The town is a busy working city. If you ask the way people go out of their way to help you. Prices are very reasonable , Malcolm and I got a haircut for about £4 each, and the beef is to die for.
As you go further West the cruising community comes into its own. We know everyone on our pontoon and met everyone else at a pot luck supper on Monday night. Mike and Ineka ( an English couple) like it so much they have been here for months.
The main square is dominated by a statue of Simon Bolivar the liberator of many countries in South America from the Spanish yoke at the turn of the century. On the same square lies the museum which tells the story of the South American Indian tribes who were displaced by the conquistadors from the coast and moved into the mountains rejecting all contact with the Spanish and maintaining their own languages and culture, oblivious to the outside world to this day. Their skills in working gold to make religious artefacts is legendary and recently a whole lost Indian city has been discovered.
On Tuesday we took a communal taxi called a collectivo an hour into the foothills of the Sierra Nevada to a place called Minca. We walked through Santa Martas main market to pick up the taxi. There were stalls for everything. If your fan,fridge,generator anything else breaks down in Columbia you don't get a new one but take it to one of these guys who either cannibalise old ones or make new parts or electrical windings in small workshops on the street. The collectivo was an old Nissan Patrol jeep . We picked up tax less fuel from behind a small store on the way .
|Its all about beans, Victoria coffee plantation|
|air is heated to assist the drying process|
|Two old beans ready for the sack!|
On arrival in Minca we transferred to the back of motorbikes for a run up to the Victoria coffee plantation. This place was built by an Englishman in the late 19th century, and is now owned by a German. All the machines were water powered with elaborate fans and pulleys probably similar to water powered mills in Lancashire. They even had a small hydroelectric plant which supplied electricity to 20 homes on the mountain. The machinery is so sophisticated it takes just two men to run the plant when everything is in full swing. The pickers arrive when the coffee beans are ready to be plucked from 70 hectare and then sent down pipes from high on the mountain. They can earn about35 US dollars a day. After fermenting,removing the husks and roasting we tasted a grade 1 cup of coffee. As Malcolm said it tasted just like coffee!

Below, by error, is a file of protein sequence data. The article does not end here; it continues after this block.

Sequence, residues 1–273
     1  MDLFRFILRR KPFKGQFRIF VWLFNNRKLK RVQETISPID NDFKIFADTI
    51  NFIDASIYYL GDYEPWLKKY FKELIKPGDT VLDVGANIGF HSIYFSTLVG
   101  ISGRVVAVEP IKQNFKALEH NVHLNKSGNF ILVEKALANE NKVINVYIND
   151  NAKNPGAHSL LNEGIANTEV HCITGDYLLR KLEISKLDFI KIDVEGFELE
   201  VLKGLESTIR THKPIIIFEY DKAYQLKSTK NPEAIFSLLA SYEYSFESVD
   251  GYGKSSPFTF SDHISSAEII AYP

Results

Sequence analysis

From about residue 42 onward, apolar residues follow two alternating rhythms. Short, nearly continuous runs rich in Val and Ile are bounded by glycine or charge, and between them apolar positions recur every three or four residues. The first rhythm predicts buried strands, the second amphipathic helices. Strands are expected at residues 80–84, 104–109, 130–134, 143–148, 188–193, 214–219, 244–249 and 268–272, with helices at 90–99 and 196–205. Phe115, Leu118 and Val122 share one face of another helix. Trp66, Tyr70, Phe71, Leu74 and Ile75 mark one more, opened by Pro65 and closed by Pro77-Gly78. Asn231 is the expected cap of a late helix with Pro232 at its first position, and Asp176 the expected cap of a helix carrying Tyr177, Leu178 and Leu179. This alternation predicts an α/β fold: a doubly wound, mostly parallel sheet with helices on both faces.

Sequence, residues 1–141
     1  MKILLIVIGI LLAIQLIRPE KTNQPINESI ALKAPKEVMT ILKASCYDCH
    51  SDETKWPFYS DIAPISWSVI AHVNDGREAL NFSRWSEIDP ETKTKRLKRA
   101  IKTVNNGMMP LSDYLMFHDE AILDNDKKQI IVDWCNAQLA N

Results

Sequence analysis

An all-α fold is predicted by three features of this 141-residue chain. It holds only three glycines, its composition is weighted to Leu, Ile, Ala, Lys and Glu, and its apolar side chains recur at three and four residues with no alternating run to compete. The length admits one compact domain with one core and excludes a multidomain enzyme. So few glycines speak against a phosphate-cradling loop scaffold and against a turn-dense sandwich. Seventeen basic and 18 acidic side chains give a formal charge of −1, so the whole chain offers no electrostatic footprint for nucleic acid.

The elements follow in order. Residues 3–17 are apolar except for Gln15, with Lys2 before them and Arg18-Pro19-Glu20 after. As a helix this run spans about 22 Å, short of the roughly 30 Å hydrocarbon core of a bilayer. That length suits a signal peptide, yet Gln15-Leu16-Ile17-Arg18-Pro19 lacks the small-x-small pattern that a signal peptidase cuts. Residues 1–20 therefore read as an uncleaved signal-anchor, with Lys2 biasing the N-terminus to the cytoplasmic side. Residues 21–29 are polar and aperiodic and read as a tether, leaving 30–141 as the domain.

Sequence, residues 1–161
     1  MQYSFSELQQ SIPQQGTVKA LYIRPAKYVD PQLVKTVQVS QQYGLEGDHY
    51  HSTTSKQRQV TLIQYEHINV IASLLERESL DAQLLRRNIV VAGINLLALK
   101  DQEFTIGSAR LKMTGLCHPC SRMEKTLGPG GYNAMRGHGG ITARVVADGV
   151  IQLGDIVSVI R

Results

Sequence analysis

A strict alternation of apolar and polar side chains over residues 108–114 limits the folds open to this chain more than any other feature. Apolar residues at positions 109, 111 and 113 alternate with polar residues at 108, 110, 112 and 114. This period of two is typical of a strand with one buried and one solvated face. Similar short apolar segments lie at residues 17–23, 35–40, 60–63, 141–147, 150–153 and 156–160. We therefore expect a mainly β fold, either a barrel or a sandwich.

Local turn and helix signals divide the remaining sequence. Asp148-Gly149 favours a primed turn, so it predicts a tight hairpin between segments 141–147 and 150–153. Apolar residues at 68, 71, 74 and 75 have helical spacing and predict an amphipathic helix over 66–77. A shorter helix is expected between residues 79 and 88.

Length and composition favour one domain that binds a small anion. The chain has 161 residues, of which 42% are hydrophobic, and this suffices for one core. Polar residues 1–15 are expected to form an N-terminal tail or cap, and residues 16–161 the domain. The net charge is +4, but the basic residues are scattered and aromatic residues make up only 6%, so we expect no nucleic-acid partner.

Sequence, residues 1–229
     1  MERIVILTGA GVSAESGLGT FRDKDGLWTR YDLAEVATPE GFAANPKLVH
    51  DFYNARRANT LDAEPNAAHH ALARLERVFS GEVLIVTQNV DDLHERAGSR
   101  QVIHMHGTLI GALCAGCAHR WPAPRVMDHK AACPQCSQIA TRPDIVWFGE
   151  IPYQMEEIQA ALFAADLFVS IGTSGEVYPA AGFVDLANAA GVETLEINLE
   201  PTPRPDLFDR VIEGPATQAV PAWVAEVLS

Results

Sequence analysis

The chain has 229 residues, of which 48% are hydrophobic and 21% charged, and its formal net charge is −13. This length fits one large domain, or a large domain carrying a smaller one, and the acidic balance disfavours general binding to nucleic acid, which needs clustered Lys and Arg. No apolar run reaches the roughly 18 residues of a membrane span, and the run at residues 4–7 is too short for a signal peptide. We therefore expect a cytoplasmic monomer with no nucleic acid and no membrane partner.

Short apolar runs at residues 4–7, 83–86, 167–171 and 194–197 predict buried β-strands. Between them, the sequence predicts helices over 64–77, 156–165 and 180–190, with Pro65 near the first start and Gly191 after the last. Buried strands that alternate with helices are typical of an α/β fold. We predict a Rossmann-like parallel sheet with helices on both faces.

|water driven turbine|
|bathing in the river falls|
|Sunset viewed from our hostel|
|our dorm in Minca|
|best not to overdo it|
|The rejects from HMS Tenby!|
On the way back down we took a stroll to a waterfall where it was incredibly refreshing to swim in the pool and get showered by cold water straight from the top of the Andes. We stayed in a backpackers hostel called Casa lomo which you reached by climbing a steep path and as you puffed into view you were greeted by a man holding a glass of iced water. That evening we watched the sun go down over the mountains had a communal meal with our fellow guests and retired to a room full of hammocks covered by mosquito nets. 45 years ago Malcolm and I slept next to each other in hammocks as sea cadets in the mess deck of HMS Tenby. At the time he got me into hot water by nudging my hammock into my neighbours a big thug. I regret to say he was still up to his old tricks
In the morning Colin and I set off on a farm visit to see Miguel and his family. It's a walk of some3 kilometres and we were guided up by Mannie his son. It's an exhausting climb and the path to the farm is so steep not even a mule can get up. It was sobering to realise the family made the trip up and down every day without thinking about it. On the way we met Mannies mother who looked incredibly fit after 10 children. Who needs gyms when you've got a mountain to climb.
Miguel farmed on 7.5 Hectares. He had a few hens , turkeys and goats. However his main income was from the coffee plants supplemented by bananas, papayas, cocoa, avocados and Mangos. His family had built the house from tropical hardwood that they had felled and sawed with the aid of a chain saw and a small saw bench. He cooked on a fire covered with a clay and reinforced mesh top. Although he had electricity he had virtually no machinery as the place was too steep. No car or motorbike, no tractor or harvesting machinery. Coffee beans were pounded with a large pestle and mortar to open the husks and the husks were shredded off with a bicycle powered shredding wheel. Miguel was obviously happy and content with his lot